Wednesday, December 14, 2005

A Mammoth Thanksgiving, Part II: The Kennedy Room

Wonker promised to get back to HazZzmat fans with more on the excellent vacation he and Mrs. Wonker took to the cave country of Kentucky late last month.

As you remember from our last episode, we'd arrived in not-quite-so-scenic Ashland, KY, on the way to the caves and found the town interesting if paradoxical, a washed out relic of rustbelt days, south-of-Ohio style, which nonetheless possessed some of its faded glory still, as personified in a series of magnificently restored Victorian mansions.

Whilst in Ashland's environs, we stayed in a charming if slightly eccentric B&B slightly south of town called the "President's House," so named because its last owner or so has avidly collected original Presidential memorabilia to the extent where each room is named after a President and contains many of these appropriate historical artifacts.

Typical of this area, we'd suspect, proclivities tend to be Democratic, alas, and we stayed in the charming "Kennedy Room" on the main floor. (The "Carter Room" is upstairs.) From signed proclamations to vintage copies of LIFE magazine featuring the ubiquitous Jackie on the cover, the room was a sort of late 1950s-early 1960s time warp, bringing back bittersweet memories of an Ohio childhood and the first shattering experiences of adulthood. Wonker recalls when the good nuns at his Catholic grade school lined up all the kids outside to greet then-candidate Jack Kennedy as his motorcade, headed from Cleveland to Lorain, passed by the school on the main thoroughfare. This was back in the soon-to-be-no-more open top days when candidates motored from event to event seated in the back of open convertibles, which allowed them to rise up and seat themselves on the "boot" to wave to their adoring fans.

And, candidly, Jack was a looker, no doubt. TV never did him justice. At 43 or so, he looked, at a slight distance, as if he were 10 years younger. And to this day, I remain a bit surprised that his ample head of hair, which always appeared brown in color photos, actually radiated a surprising background of red. Kennedy's motorcade slowed, he climbed up, smiled broadly, and waved to the youthful crowd. Girls swooned, even churlish guys were impressed, and we all went back to class feeling pretty good about this guy.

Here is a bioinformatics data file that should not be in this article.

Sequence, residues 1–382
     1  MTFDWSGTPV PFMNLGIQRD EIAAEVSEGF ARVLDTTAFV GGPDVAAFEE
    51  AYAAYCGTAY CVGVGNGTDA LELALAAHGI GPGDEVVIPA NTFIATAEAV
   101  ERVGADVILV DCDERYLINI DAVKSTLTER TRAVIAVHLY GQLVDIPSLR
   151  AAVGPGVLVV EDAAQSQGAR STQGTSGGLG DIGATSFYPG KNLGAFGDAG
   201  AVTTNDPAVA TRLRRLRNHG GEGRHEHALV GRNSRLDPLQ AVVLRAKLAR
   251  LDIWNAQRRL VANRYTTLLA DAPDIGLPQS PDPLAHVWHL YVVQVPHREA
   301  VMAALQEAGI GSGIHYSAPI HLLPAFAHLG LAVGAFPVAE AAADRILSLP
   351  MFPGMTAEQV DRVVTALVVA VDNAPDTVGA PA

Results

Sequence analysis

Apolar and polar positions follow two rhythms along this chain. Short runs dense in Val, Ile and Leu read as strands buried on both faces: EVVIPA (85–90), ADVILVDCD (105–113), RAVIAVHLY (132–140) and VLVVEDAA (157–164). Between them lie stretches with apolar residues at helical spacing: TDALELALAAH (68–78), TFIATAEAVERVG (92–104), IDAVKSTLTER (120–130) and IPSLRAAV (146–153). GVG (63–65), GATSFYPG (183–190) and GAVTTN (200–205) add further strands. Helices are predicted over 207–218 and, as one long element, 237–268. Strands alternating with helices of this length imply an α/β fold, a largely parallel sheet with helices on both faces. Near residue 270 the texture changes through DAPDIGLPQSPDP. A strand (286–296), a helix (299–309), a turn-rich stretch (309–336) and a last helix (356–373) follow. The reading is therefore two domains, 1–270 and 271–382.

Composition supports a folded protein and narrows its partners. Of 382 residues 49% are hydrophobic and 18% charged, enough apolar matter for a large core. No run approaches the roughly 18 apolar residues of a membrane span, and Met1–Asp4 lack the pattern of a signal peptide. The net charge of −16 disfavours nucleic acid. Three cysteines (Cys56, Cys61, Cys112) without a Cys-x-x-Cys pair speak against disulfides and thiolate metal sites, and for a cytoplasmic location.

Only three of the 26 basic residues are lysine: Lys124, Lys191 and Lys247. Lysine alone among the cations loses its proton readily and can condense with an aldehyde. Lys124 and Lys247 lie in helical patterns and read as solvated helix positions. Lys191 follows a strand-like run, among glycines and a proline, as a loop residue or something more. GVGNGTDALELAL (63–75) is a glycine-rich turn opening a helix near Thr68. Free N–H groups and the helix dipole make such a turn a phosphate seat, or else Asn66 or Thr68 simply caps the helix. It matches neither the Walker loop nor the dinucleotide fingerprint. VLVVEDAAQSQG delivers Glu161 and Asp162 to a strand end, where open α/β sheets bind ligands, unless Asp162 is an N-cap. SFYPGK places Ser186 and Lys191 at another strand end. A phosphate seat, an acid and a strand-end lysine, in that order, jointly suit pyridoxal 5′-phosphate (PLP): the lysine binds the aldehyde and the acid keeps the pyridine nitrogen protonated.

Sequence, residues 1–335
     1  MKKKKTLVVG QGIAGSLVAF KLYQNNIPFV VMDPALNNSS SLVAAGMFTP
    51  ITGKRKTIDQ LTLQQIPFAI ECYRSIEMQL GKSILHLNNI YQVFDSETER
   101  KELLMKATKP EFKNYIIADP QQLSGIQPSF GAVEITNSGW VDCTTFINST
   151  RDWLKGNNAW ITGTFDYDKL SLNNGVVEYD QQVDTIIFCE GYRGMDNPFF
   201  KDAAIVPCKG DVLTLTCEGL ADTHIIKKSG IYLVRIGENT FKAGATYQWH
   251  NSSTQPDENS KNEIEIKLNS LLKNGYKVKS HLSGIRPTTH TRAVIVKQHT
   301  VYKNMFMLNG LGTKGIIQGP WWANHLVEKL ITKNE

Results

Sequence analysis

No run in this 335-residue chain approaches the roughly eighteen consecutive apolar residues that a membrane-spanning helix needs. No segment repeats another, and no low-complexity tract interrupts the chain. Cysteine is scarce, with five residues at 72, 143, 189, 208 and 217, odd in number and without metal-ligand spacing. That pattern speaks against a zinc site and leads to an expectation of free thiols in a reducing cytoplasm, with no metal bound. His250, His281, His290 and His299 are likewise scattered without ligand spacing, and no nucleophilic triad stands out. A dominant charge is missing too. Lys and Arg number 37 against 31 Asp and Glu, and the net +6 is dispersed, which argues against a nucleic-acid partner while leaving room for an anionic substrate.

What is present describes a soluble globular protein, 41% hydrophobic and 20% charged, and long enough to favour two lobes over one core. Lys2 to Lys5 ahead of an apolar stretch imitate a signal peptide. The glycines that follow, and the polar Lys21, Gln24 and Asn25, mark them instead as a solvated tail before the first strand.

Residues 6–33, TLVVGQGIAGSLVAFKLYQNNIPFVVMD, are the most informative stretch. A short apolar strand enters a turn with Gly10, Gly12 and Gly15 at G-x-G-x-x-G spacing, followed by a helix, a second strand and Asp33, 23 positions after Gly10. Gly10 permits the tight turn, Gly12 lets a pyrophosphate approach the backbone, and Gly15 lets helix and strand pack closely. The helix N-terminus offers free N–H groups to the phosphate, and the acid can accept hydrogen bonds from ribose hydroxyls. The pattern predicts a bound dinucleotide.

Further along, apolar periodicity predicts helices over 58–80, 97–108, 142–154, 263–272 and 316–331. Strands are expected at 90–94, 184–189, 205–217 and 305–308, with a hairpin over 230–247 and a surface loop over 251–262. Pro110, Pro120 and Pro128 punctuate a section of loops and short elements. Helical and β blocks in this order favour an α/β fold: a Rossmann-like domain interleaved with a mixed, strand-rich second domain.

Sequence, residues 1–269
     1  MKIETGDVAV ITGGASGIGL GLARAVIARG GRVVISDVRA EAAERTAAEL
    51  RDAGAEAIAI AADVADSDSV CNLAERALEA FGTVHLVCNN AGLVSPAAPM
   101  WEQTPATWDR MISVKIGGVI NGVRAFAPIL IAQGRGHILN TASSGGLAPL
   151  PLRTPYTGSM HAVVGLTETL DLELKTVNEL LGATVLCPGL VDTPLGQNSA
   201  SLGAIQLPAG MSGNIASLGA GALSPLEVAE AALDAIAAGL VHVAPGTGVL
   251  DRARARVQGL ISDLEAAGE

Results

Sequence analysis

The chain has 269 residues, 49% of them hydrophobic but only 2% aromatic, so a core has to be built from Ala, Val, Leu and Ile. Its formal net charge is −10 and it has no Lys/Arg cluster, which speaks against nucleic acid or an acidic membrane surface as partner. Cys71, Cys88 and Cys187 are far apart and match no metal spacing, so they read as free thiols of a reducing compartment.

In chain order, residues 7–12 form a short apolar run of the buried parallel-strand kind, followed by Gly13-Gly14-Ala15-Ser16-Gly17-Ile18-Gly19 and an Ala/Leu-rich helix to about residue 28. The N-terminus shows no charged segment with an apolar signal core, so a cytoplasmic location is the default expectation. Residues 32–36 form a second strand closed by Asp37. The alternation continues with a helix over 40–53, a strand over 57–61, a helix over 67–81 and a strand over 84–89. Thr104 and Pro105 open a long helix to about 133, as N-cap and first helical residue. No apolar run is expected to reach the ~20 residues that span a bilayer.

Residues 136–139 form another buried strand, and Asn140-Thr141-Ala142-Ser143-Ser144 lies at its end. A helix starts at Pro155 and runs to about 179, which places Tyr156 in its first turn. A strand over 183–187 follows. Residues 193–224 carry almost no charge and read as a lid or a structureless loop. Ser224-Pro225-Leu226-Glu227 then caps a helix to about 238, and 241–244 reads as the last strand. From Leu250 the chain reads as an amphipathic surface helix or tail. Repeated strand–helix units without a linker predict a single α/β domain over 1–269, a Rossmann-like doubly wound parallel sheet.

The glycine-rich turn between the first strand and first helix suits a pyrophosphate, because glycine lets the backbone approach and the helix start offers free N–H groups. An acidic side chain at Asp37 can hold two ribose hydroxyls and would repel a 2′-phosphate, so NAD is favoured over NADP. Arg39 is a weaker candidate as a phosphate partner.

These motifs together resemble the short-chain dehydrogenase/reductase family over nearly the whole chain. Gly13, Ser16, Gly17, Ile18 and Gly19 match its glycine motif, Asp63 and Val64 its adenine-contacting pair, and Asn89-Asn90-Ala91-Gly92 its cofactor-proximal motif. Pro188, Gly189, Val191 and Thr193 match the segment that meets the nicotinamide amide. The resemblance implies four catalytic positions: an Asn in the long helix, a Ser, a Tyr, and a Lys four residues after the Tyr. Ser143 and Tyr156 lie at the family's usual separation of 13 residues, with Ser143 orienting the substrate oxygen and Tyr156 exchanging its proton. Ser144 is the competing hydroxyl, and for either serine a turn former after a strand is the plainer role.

For, as perhaps few remember now, Jack was attempting to surmount the same taboo that defeated Al Smith much earlier in the century--his Catholicism. Then as now, individuals, particularly hardline Protestants, or, worse, the hardcore atheist left, still clung to the Know-Nothing beliefs of the 19th century that regarded, among other things, Catholics as nothing more than mindless papists who were crude to boot, distinctly not representative of America, and thus, entirely unfit to run for President let alone win an election.

Jack Kennedy shattered the myth for once and for all, and it is hard today to convince anyone of the chest-bursting pride that Catholics all over the country felt when he won election. It was as if on that election day, 1960, that we Catholics had finally achieved full citizenship in this country. Blacks are not the only group of citizens who've been discriminated against in this country, although what happened to them is by far the greatest blot on the early history of the US. But Catholics, too, largely derived from Irish and Italian waves of emigration in the 19th and early 20th centuries, have long experienced a subtler kind of discrimination that still persists today in pockets of the country, as do persistent pockets of racial discrimination.

The main thing is, though, that Protestant fundamentalists have long since--for the most part--recognized that most Catholics are inherently law abiding and conservatives, save for a few rabid liberation theologians and there followers here and there. And thus, fundamentalists and Catholics have joined in a common cause to restore a moral tone to a relativist universe.

However, Catholics continue to be, quite literally, persecuted for their beliefs, as evidenced by the (thankfully successful) Senate hearings for now Chief Justice Roberts, and the ongoing charade of "fairness" playing out with prospective Justice Alito, whom, we hope, will likewise be elevated to the Nation's highest court. Both judges, of course, being Catholics--Alito being the worst one since he's also Italian like Justice Scalia--have dared to question the central sacrament of the Church of the Left--abortion--which simply confirms today's Know-Nothings in their anti-Catholic righteousness.

But this is the discrimination that's condoned by the press, and so it isn't discrimination at all. The Roman Catholic clergy, currently fatally corrupt in its higher reaches, didn't help any with its silent condoning of pederasty. But even without this, Catholics remain a severely put upon class.

So, as we've mentioned, it was nice to think again on those thrilling days of yesteryear when one of our own actually broke the anti-Catholic barrier to become President. Of course he's been disgraced posthumously, and shown in retrospect to have had the sexual morals of a feral tomcat. But 1960 was a magic moment, and one whose memory still feels right, at least in that respect.

Needless to say, we've been diverted once again in our journey, so why don't we get our Saturn VUE back on the road, onto the Blue Grass Parkway (now being re-named for some politician, alive or posthumous, who, no doubt, stole enough money from the taxpayers to build it and take credit for their work), heading west to Park City, the somewhat shabby entryway to what is billed as the World's Longest Cave.

More anon.

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